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In today’s Europe, advocating for peace takes courage, Culture and Innovation Minister János Csák said at an event marking the anniversary of the 1848-49 revolution and freedom fight in Budapest on Wednesday. In his speech at the National Museum, Csák said “remembering our heroic predecessors, we proclaim proudly that Hungarians have been the people of freedom for the past 1,100 years”. Hungarians are the “survivors or even winners of history, not its victims”, because they have withstood all hardships and continue to prosper, he said. In the shadow of war, the importance of peace cannot be overstated, he said. “If this war is unleashed, it could destroy everything, even Europe.”
At a commemoration in Szombathely, in western Hungary, Defence Minister Kristóf Szalay-Bobrovniczky said Hungarians are again living “in an age of peril”. Addressing the event organised by the Klapka György Equestrian Guard and Heritage Preservation Association, Szalay-Bobrovniczky said Hungary must stay out of the war in neighbouring Ukraine, but “keep the powder dry”. Although Hungary “stands on the side of peace”, it is building an army that is “modern and uses the latest technology”, while preserving Hungarian soldiers’ “ancient virtues”, such as those of the hussars who fought in 1848-49, he added.
Finance Minister Mihály Varga told an event in Cluj-Napoca (Kolozsvár), in north-western Romania, that the revolution of 1848 marked the birth of institutional Hungarian freedom. He said the sacrifices of the heroes of the revolution could be reciprocated by strengthening and guaranteeing the nation’s independence and self-determination for future generations. “When we celebrate 1848, we Hungarians also celebrate a diverse Europe founded on autonomous nation-states,” the minister said. “We must defend our freedom ourselves, just as we had to in 1848 and after the two world wars, and as we must do so today on new fronts.”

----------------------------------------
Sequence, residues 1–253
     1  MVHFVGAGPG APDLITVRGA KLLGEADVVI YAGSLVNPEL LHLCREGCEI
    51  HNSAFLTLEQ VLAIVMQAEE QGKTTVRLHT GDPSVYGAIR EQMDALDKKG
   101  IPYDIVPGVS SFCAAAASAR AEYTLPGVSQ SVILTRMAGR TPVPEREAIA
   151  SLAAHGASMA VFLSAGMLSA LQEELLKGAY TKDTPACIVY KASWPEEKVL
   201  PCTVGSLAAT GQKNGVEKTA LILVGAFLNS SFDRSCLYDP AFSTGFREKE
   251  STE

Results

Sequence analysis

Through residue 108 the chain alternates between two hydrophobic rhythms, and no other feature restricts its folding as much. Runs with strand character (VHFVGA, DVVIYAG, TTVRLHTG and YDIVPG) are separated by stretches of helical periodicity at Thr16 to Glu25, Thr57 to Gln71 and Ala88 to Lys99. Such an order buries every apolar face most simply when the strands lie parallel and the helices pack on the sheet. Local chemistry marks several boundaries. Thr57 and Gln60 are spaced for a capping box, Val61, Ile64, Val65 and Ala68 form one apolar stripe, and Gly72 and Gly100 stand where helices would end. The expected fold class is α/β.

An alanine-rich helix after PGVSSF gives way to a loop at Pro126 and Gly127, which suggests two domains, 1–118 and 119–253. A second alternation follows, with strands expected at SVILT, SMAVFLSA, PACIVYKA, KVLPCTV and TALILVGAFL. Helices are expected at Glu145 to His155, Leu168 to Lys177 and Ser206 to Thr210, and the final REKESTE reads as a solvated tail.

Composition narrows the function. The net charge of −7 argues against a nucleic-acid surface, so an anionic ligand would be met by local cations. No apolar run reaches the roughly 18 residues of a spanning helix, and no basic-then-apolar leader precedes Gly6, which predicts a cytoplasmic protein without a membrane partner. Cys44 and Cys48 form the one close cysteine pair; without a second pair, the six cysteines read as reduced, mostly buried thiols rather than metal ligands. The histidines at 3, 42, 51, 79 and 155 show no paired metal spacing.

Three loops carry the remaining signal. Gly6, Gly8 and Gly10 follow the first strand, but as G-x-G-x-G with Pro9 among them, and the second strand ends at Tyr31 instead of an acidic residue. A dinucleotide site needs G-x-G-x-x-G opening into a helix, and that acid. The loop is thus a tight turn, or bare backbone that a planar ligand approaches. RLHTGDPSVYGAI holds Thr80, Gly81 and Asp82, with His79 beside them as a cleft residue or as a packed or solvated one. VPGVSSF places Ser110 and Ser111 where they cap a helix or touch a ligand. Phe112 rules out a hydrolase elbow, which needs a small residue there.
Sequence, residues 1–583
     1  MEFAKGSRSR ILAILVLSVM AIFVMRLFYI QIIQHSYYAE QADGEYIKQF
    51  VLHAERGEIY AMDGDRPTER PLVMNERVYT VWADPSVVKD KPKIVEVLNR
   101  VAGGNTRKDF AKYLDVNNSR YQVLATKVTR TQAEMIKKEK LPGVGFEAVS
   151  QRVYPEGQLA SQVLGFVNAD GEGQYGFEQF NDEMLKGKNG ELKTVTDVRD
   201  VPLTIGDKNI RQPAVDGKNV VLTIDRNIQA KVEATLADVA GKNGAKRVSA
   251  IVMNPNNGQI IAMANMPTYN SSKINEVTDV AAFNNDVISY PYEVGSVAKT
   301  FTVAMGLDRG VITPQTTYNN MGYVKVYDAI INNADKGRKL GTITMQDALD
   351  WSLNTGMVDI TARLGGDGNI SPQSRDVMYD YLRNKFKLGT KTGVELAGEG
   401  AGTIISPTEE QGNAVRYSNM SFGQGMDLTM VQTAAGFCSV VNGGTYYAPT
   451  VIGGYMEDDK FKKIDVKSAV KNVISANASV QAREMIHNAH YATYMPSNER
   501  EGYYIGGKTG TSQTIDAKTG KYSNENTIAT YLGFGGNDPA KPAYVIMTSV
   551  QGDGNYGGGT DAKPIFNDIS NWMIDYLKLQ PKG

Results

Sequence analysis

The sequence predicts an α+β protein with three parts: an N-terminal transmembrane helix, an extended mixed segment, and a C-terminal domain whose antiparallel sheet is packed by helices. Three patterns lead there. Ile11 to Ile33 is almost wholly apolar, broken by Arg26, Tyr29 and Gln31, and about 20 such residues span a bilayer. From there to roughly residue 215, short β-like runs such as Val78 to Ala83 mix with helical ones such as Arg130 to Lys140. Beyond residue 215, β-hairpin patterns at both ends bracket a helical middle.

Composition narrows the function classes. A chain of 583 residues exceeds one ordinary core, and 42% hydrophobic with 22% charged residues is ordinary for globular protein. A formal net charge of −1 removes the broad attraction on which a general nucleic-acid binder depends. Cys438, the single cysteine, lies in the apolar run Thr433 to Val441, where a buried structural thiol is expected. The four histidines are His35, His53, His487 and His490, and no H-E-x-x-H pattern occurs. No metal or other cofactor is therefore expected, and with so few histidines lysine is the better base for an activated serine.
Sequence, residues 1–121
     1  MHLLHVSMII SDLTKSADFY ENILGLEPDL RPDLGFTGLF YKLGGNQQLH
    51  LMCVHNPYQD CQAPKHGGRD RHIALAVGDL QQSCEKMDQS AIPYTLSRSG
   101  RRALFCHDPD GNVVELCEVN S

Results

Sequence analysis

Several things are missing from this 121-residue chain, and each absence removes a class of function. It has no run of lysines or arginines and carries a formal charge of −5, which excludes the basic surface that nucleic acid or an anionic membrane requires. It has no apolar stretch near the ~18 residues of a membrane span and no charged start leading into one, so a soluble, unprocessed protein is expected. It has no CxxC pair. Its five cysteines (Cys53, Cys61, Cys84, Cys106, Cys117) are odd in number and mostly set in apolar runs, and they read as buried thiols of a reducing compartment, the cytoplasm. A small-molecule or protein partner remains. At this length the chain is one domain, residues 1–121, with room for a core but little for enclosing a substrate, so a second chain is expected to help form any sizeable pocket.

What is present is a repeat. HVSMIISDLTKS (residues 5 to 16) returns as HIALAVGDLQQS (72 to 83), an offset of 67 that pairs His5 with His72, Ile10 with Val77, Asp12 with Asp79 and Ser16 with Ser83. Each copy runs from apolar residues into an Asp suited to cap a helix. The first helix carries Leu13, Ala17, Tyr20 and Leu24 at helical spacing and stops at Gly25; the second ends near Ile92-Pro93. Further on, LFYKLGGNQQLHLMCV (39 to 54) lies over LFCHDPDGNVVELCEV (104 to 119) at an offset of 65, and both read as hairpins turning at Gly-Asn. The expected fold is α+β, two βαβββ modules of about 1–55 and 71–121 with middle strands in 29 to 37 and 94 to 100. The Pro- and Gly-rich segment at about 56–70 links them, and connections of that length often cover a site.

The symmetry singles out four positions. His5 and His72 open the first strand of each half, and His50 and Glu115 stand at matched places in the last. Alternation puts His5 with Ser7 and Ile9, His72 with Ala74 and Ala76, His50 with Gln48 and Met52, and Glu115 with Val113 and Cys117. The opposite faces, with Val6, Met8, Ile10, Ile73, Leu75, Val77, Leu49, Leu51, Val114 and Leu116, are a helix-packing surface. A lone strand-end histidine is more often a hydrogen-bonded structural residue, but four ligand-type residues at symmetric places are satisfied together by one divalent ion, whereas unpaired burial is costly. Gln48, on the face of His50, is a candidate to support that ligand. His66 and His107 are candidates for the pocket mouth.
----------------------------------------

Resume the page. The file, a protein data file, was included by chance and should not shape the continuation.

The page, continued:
Addressing an event in Sfântu Gheorghe (Sepsiszentgyörgy), Romania, Justice Minister Judit Varga said Hungarians “say no to the concept of European empire” and are “insistent on keeping their freedom won through the sacrifice of blood”. Varga said the interests of Hungarians living inside the country and outside of its borders “come first”. She warned that a “hegemony of opinion” is taking shape in Europe and said the European Union is “uniting on the matter of self-censorship, not diversity”. She added that Brussels’ response to the war in Ukraine has “failed”. Hungarians today, as their predecessors in 1848, want peace, freedom and understanding, she said.